Straddling the line between individual and social characteristics, life events, such as maturity and leaving home, also have a large effect on sustained musical preference.

People “tend to fixate on whatever popular music they happen to enjoy during the period in which they first reach maturity.” The type of music liked at this time is dictated by what is popular among a person’s group of friends, but it is life events of late adolescence and early adulthood that cement that music as a person’s favorite over time. People are most influenced by peer-group norms at the time when they first leave home, so they like whatever music everyone else likes. These songs then become associated with “emotionally powerful ‘rites of passage’ (e.g., fraternity parties, school dances, and other social gatherings) that guide their ‘coming of age’ during the years of college and graduate school.” For people who do not go on to higher education, the songs may correspond to “the relatively care-free period of socializing that occurs prior to settling down to a marriage, a career, and a family” (Holbrook and Schindler 1989).

Certain dispositional and personal traits have been correlated with certain types of music preferred by adolescents. Socioeconomic status is an important variable which may help shape musical tastes. For example, research indicates that in the late 1960s, a middle class college student was more likely to prefer Buffalo Springfield’s For What It’s Worth than his working class counterpart. Amongst teenagers and young adults, the middle-class tends to prefer “progressive” and less mainstream music more than the working class (Russell 1997). Although classical music is a minority preference across all social classes, the upper class teenager is much more likely to express an appreciation for it than his lower-class counterpart (Russell 1997). Socioeconomic differences in musical taste may come from the different psychological needs created by different life experiences; however they may merely reflect that the middle or upper class kid has the opportunity to sample many types of music and choose from the options, a luxury less readily available to the working class due to the time and money it requires.

The socialization of gender differences is deeply embedded in our society; despite recent progress made through the feminist movement, traditional gender stereotypes run deep and have influenced musical tastes. According to statistical averages, males prefer hard and tough music, while females are partial to softer and more romantic music. Looking across genres, males prefer hard rock, progressive rock, heavy rock, rock n roll, and heavy metal; females prefer mainstream pop, folk, classical and dance-oriented music (Zillman and Gan 1997). Given that the female role is traditionally one of domesticity, focusing on the creation of a stable family, it is logical that females would be more likely to embrace music that focuses on romantic themes, as finding a loving mate is central to this domestic success. Historically, females are socialized to be more fragile, males to be tough, which can explain their respective preferences for soft and hard music.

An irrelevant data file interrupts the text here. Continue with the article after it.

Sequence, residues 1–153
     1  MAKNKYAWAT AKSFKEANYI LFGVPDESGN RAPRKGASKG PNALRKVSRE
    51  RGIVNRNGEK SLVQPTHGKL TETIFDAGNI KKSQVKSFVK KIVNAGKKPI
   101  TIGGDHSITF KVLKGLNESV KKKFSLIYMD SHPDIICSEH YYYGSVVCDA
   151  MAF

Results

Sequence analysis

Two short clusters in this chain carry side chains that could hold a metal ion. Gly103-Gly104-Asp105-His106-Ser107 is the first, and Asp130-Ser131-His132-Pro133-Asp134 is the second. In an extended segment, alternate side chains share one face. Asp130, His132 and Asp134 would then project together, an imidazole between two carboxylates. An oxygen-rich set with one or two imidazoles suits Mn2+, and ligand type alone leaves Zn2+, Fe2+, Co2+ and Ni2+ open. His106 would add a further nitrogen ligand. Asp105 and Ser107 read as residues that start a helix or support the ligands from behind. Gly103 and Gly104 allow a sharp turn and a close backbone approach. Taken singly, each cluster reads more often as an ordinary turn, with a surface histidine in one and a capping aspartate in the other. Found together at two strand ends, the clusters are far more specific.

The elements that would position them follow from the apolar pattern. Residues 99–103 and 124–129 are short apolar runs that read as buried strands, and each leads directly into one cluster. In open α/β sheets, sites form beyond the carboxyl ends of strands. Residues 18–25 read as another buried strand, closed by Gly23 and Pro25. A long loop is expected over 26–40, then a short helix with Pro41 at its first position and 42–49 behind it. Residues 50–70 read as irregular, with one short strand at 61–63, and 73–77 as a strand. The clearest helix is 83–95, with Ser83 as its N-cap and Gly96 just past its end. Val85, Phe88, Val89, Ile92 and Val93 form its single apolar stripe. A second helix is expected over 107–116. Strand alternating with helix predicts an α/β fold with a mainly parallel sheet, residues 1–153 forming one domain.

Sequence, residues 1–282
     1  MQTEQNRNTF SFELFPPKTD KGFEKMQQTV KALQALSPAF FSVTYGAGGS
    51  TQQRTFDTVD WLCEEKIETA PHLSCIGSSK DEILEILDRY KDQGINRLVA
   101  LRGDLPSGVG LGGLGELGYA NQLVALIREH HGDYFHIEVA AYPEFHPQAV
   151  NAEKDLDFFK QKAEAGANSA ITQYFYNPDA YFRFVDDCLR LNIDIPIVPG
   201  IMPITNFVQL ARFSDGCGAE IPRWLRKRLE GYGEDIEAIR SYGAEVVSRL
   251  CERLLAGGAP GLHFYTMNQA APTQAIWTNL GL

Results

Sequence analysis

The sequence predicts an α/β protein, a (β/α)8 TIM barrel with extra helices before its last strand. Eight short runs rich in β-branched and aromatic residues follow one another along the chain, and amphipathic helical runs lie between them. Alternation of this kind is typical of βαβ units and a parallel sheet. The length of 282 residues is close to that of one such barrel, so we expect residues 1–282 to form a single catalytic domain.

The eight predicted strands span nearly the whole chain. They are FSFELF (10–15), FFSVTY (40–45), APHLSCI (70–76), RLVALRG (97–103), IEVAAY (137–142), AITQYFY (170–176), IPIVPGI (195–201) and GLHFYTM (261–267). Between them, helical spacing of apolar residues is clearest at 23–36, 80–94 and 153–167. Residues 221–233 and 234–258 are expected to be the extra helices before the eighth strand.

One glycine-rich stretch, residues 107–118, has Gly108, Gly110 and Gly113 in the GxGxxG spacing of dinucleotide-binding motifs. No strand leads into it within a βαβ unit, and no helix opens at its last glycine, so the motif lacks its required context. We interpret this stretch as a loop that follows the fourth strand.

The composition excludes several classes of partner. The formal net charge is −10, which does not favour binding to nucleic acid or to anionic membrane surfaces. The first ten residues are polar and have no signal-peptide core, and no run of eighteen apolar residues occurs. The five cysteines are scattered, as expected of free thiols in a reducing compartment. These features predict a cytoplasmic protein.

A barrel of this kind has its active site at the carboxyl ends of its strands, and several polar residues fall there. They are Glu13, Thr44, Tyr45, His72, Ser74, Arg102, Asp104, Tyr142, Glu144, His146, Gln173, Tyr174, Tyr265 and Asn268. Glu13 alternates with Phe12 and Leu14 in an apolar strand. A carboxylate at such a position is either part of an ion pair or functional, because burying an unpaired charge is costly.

Although musical tastes are defined as being stable and long term (Russell 1997), there are certain situational factors which influence listening habits across mood or situation. According to survey research, adolescents want to listen to music with different defining characteristics in certain situations (Zillmann and Gan 1997). For example, when asked what they’d want to hear after learning of a reciprocated love, most adolescents chose music that celebrated love; when asked to imagine being abandoned by a partner, most chose to listen to love-lamenting music because negatively thematic love songs may create a sense of solidarity within the lonely teenager who can relate to the artist’s pain and frustration (Zillmann and Gan 1997). These results seem almost obvious, but they are important in acknowledging that musical tastes do not exist in a vacuum. They are the end-results of many interacting factors that are often over-simplified.

Virtually all research on this topic tends to treat adolescents as a monolithic community, failing to acknowledge the diversity of their musical tastes. This diversity does exist and can be seen by observing the Wesleyan campus. Though we are all the same age, our tastes span genres. On any given Friday night, Wesleyan students can be found listening to African music in Crowell, Indian sitar in the World Music Hall, a hip-hop DJ in the West-Co Café, an indie-rock band at Eclectic, or a mainstream pop band at an arena in Hartford. Some students can even be found traveling from one event to the next. Research suggests that whichever musical scene we choose to embrace now will most likely correspond with our musical preferences thirty years from now. We could make suggestions today for music to be played at our twenty-fifth reunion and most likely those songs will still be in our CD players when we attend that reunion. In part because of socioeconomic, age and gender variables, in part due to our groups of friends, and in part because of significant life events (such as freshman orientation week and Spring Fling) which we associate with certain music, each individual develops a uniquely personalized musical style which is cemented around this time in our lives. Just like the woman in Weshop, in thirty years, we’ll be arguing with younger coworkers that the music of our adolescence is the best ever produced.